Monday, 23 July 2012

REVIEW: Jump (2012)

  Jump is a 2012 film from Kieron J. Walsh, best known for When Brendan Met Trudy. While his previous film was informed by the French New Wave and the Celtic Tiger, his new, darker film seems much more in the thrall of the American independent cinema of the 1990s and early 2000s.

  Jump, a typical narrative-bending fashion, delves into two different stories, which occur in slightly different timelines. Memento-like, we see the effects of a particular action before we see the action itself. The plot itself is more by the numbers. Someone has stolen money from a scary gangster Frank Feeney (Lalor Roddy – in everything from Middletown to Hunger, Five Minutes of Heaven, Cherrybomb, Ditching, Sensation, The Good Man and Grabbers). He enlists two men (Richard Dormer – Mapmaker, Puckoon, The Mighty Celt, Middletown, Five Minutes of Heaven, Good Vibrations; and Ciarán McMenamin – Titanic Town, County Kilburn, Sunday, One Hundred Mornings and Outcast) to look for it and the person responsible. Meanwhile, Feeney’s daughter Greta (Nichola Burley) is considering suicide, meeting Pearse (Martin McCann – Closing The Ring, Swansong: Story of Occi Byrne, Whole Lotta Sole, Killing Bono, Shadow Dancer), who has a grudge against Feeney, when he stops her jumping off a bridge. Meanwhile, her two friends (Charlene McKenna – Breakfast on Pluto, Middletown, The Tiger’s Tail, Small Engine Repair, and Dorothy Mills; and Valene Kane – The Fading Light) have a night out in Derry that quickly takes a dark turn.

  Judging by its influences, the film feels hopelessly out of date, like a film that has spent so long in development hell that it is no longer relevant. The teenage angst coupled with darker and more evil forces and unnecessary and quite irritating stylistics is a direct lift of the dull Donnie Darko while the scary yet funny hit men was a mix of Quentin Tarantino and some of his less successful imitators. As a result, the film jumps from dark angst and suicide to grim violence and remorse via ghostly hallucinations and a comic night out in Derry that goes horribly wrong for two girls. Taken as a single piece, the film is often hopelessly messy, the distancing tonal shifts seeming more like the work of a bored script editor than the writers or director might have intended. The cross-section of up-and-coming Irish actors gamely leap through the story’s many hoops, but they don’t have characters that seem to exist. Consider Martin McCann’s character – an innocent with a dodgy brother, beaten up and angry but brave enough to take his revenge against an evil gangster while also being full of enough cheer to stop a potential suicide and promptly fall in love. It would be disastrous even for a film that had more time to believably develop and introduce these different strands than Jump gives itself. That McCann is at least likeable – and that a cruel twist of fate does appear recklessly cold-hearted on the part of the filmmaker’s – is a credit to the actor’s abilities if not his choices.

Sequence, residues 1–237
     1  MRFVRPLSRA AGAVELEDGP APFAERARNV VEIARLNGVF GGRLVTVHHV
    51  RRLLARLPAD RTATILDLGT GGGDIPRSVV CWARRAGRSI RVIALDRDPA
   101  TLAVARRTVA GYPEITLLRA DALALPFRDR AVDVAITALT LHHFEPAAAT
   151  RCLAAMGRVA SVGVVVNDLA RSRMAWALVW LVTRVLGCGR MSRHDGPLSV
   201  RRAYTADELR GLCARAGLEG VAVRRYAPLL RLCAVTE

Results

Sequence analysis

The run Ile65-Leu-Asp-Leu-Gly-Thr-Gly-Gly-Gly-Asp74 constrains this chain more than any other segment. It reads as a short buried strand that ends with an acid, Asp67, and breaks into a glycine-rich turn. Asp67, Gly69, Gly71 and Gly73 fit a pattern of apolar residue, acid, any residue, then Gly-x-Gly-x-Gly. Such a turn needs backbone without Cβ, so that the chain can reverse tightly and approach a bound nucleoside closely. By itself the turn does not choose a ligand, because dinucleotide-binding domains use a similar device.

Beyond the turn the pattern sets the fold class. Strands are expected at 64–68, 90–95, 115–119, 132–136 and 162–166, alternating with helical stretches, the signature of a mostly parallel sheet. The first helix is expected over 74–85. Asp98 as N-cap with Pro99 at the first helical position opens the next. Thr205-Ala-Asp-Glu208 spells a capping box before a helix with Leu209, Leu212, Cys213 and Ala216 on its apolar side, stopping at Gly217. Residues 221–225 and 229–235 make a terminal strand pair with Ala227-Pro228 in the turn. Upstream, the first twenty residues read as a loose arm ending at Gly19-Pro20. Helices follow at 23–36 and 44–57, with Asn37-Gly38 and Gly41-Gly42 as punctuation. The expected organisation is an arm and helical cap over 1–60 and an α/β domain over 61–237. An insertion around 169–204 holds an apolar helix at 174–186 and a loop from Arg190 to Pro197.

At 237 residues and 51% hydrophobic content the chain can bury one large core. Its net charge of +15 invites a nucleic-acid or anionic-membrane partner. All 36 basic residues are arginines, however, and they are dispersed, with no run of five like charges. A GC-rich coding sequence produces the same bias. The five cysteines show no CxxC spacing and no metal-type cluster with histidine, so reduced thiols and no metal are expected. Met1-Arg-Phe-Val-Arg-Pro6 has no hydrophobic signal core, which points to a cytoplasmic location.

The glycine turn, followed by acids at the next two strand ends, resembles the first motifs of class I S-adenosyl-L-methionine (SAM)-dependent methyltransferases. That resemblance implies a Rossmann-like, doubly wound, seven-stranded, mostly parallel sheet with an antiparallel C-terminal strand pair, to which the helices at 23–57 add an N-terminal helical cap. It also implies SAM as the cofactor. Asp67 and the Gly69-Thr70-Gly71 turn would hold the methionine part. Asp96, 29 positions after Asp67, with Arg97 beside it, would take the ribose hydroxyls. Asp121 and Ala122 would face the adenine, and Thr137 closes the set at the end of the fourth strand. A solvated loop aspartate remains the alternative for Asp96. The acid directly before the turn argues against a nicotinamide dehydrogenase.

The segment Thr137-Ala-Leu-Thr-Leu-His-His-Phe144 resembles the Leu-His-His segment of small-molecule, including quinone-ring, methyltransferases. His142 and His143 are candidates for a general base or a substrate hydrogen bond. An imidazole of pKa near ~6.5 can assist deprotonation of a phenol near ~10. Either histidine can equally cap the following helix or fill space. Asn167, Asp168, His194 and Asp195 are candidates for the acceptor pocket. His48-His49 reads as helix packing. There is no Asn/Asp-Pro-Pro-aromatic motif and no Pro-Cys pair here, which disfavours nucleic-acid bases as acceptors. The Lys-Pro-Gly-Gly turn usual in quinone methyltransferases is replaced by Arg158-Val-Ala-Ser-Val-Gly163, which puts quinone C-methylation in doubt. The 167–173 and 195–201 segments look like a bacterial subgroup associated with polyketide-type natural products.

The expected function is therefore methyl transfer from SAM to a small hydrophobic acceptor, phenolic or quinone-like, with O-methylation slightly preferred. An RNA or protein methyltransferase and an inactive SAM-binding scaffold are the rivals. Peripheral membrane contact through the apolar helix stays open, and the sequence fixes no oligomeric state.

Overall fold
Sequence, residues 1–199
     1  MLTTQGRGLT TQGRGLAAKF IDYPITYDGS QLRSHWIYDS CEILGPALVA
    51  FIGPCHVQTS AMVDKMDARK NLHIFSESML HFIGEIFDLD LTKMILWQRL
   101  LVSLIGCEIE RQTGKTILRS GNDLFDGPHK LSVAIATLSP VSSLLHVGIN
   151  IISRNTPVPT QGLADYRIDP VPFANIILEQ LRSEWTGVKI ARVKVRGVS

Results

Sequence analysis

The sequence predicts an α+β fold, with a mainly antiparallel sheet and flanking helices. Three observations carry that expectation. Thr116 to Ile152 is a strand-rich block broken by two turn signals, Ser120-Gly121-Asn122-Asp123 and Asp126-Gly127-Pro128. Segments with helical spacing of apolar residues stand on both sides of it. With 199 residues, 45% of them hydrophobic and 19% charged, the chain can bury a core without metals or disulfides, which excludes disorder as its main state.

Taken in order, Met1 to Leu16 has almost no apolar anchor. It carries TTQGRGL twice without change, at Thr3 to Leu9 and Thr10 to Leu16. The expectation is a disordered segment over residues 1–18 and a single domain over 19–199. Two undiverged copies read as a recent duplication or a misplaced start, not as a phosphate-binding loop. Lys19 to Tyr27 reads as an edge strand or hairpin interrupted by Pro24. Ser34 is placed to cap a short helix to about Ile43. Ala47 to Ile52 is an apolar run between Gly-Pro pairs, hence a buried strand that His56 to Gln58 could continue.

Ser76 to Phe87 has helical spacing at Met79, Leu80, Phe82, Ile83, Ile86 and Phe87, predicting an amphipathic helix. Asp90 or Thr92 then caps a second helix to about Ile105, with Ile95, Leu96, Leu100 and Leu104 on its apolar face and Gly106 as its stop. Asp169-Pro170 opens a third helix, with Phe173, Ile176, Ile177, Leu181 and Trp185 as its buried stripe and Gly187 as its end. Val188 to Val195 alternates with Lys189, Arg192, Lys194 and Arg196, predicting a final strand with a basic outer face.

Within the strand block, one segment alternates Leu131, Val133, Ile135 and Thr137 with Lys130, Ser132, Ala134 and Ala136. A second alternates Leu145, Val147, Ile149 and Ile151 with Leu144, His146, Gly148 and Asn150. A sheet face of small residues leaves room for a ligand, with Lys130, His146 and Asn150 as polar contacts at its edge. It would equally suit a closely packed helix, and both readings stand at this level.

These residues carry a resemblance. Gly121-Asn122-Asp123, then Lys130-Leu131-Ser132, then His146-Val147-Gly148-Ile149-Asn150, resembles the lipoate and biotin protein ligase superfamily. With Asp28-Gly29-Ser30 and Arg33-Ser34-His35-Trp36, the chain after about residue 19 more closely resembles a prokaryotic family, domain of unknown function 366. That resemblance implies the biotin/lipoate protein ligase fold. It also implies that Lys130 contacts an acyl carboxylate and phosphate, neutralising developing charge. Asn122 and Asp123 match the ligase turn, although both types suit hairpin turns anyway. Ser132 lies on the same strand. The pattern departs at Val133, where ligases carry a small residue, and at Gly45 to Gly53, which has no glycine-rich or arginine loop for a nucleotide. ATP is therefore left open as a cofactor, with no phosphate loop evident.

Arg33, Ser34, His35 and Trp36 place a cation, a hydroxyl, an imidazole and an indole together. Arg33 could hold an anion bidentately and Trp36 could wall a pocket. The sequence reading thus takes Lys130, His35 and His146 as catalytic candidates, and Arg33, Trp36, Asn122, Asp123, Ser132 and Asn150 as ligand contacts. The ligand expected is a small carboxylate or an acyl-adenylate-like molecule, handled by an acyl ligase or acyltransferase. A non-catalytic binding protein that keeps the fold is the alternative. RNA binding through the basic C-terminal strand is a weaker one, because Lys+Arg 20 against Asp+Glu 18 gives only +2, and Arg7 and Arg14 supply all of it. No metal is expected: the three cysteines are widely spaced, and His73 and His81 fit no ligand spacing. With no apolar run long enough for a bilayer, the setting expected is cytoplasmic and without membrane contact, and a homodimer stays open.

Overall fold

The rest of the cast are somewhat one-note though their characters could have Inception-like one-word posters. The Party Girl goes from dull cliché to unbelievable plot point – her movements would be out of character if there were a character to being with. Ultimately, too much happens to each character – and each comes loaded with some hang-up or another, which range from believable in the movie-movie fashion to totally unnecessary and fatuous – for them to settle on one particular mode for long enough, except for Roddy, who settles on evil movie gangster and doesn't budge. Time is something that Jump, for all its temporal hi-jinks, seems to have very little of.

  However, the film, taken as a product of 1995 or 1996, is not terrible, much like the dopey, cruel but quite enjoyable Things To Do In Denver When You’re Dead. Films that played with time were fun for a while but, unlike Tarantino with his current fixation with ‘bad cinema’, we all grew out if it. Jump is dated because it does not offer anything that we haven’t already seen…fifteen years ago. It can be funny and might even be a little moving if you tell your brain to shut up, but it is a film that begs for your involvement and your tolerance instead of just seizing them for itself. It’s the kind of film that tries to convince you to care and whether you do or not, whether against your better judgement or not, is absolutely down to the individual’s tastes and not down to the film at all.

  Kieron J. Walsh is a fun though hopelessly undisciplined filmmaker. If anything, in the ten-year gap between When Brendan Met Trudy and Jump, he has gone backwards. It is not terrible and it might even be quite good, but why is that enough for filmmakers to make it and audiences to see it. Instead, watch Things To Do In Denver When You’re Dead, a film that feels old because it actually is.

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